Prompts From My Heart

I recently took a journey back through an old journal, and I found a page where I’d written some prompts. I wrote these at the tail end of an illness that forced me into a deep retreat inside myself, unable to work or do much at all for a year. In my journal, I wrote:

I feel it coming back and I feel such gratitude. I know the journey of healing isn’t always a straight line and will continue to feature bumps and dips, but I feel the energy of my writing, my creative soul, pouring back into my heart, my arms, my fingers. Thank you. Thank you. Thank you.

I will try to keep blank paper at hand so my heart can fill it…

Then I gave myself these writing prompts, which came from a deep place of reflection on my life that my illness and my feeling of creative rebirth  inspired. I’d like to share them with you now:

  • Friends you have had. What you remember most.
  • Things you have obsessed over.
  • Things you have done secretly.
  • Things you wish you had done.
  • Things you wish you hadn’t done.
  • Things that trap you.
  • Things you don’t tell anybody about yourself.
  • Things that free you.
  • Roads not taken.
  • People you wanted but couldn’t have.
  • Things you wanted but couldn’t have.

As always, if you use these prompts to write something you’d like to share, I’d love to read them!


4 Responses to “Prompts From My Heart”

  1. 1 Anjie March 27, 2011 at 12:13 pm

    I love your prompts! Please let me know if you would like to be a guest prompter on my website. Happy Writing! ~Anjie

  2. 3 herby June 26, 2011 at 6:53 pm

    This is in response to your prompt ‘roads not taken’ and the image you chose for this post.

    I left town, that glorious autumn day after accepting the job. My family were so disappointed that I could barely cope to think about them. I was but 18 years young, head strong and spirited. I could no longer withstand the call of an open air life.

    And so I left the city I had always called home for a land so foreign it might as well have been Mars. I thought I understood the ways of the bush – how wrong I would be. This apprenticeship would teach me so much more than just horsemanship, cattle work and mechanics. No, by the time the four years were done I would be forever changed.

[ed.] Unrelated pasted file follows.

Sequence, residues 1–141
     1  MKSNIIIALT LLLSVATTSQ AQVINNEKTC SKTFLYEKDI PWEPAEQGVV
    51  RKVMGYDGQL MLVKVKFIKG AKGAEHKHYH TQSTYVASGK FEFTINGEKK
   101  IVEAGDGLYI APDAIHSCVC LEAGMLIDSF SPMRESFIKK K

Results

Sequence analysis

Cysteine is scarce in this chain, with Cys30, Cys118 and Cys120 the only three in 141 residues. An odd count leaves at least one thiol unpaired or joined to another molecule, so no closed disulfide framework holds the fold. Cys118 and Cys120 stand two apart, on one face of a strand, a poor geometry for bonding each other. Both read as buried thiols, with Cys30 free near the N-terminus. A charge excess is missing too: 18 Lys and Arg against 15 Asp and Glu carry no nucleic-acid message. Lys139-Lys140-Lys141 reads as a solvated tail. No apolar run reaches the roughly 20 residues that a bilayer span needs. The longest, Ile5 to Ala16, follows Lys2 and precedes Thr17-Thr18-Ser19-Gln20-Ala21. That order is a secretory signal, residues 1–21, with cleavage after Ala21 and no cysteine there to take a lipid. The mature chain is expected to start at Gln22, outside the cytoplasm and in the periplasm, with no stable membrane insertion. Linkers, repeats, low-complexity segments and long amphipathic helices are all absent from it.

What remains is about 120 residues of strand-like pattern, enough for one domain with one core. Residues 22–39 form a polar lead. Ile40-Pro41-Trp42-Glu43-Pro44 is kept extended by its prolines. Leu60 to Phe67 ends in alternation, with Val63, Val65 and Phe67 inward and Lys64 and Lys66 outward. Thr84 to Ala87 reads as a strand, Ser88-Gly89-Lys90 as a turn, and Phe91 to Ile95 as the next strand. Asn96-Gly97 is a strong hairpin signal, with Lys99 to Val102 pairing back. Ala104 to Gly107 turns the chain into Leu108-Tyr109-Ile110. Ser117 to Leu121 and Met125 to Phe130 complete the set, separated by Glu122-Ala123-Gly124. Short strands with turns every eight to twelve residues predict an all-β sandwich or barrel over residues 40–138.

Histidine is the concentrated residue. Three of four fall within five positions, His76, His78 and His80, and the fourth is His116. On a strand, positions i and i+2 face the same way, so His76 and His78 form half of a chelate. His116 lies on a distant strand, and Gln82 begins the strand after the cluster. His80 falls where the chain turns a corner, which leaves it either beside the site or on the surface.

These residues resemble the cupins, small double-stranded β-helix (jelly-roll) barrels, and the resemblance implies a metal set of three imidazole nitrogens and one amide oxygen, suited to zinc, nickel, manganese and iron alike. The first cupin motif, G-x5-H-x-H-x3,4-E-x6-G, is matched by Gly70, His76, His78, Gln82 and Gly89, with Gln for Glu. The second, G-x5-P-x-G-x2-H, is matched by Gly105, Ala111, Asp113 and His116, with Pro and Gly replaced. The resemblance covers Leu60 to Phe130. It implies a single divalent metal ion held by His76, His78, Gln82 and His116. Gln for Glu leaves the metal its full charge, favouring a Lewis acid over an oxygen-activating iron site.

My good grades at high school no longer mattered and the university degree I had abandoned would not help me anymore. I was now a jillaroo. A dying breed of tough young girls giving it a go in the man’s world of the Australian bush. The tiny town of Windorah would become ‘the Big Smoke’ with it’s population of less than 200 souls. It would be a full 5 hour drive from the station and trips there would happen only thrice a year.

    As I drove I drank in the dry harsh plains of the Australian bush. I watched the mulga scrub grow sparse and the gibber plains approach. I felt the hot sun beating down on my battered old ute as my dirt bike bounced around in the tray alongside my shiny new swag. My akubra was firmly pressed onto my head as I drove with one arm out the open window to my new home.

    From the day I arrived, I learned the true meaning of tough hard work. Before I was even settled into camp I was given orders to pack for muster. There would be no easy breaking in of the new apprentice jillaroo. I was the only woman on the property – the boss’s wife had up and left three years earlier. And no favours would be shown.

    For four glorious years I worked hard and roughed it out with the men of the station. Year in and year out we mustered and branded stock, bred and sold beasts, and lived in the harsh outback sun. Winter mornings brought frosty ice an inch thick to our swags and summer days were so hot our motorbikes overheated with such frequency that it became a nuisance.

    And still my family didn’t understand. I returned home twice during my ‘time’ and they made the drive a few times. They couldn’t understand why I would give up my privileged education to hang out in the bush with a bunch of lads chasing cattle.

    It wasn’t all glory and fun. There were challenges on that road that are best kept for another place. I suspect I would have enjoyed that life out there in the channel country. I think my soul would have found peace in the hardship of the land with the earth permanently ingrained in my skin and my heart sleeping under a blanket of stars.

    *Written from the comfort of an airconditioned office wearing a suit and tie*

  3. 4 stranglingmymuse June 29, 2011 at 4:09 pm

    Love it! Thanks so much for sharing this, herby.


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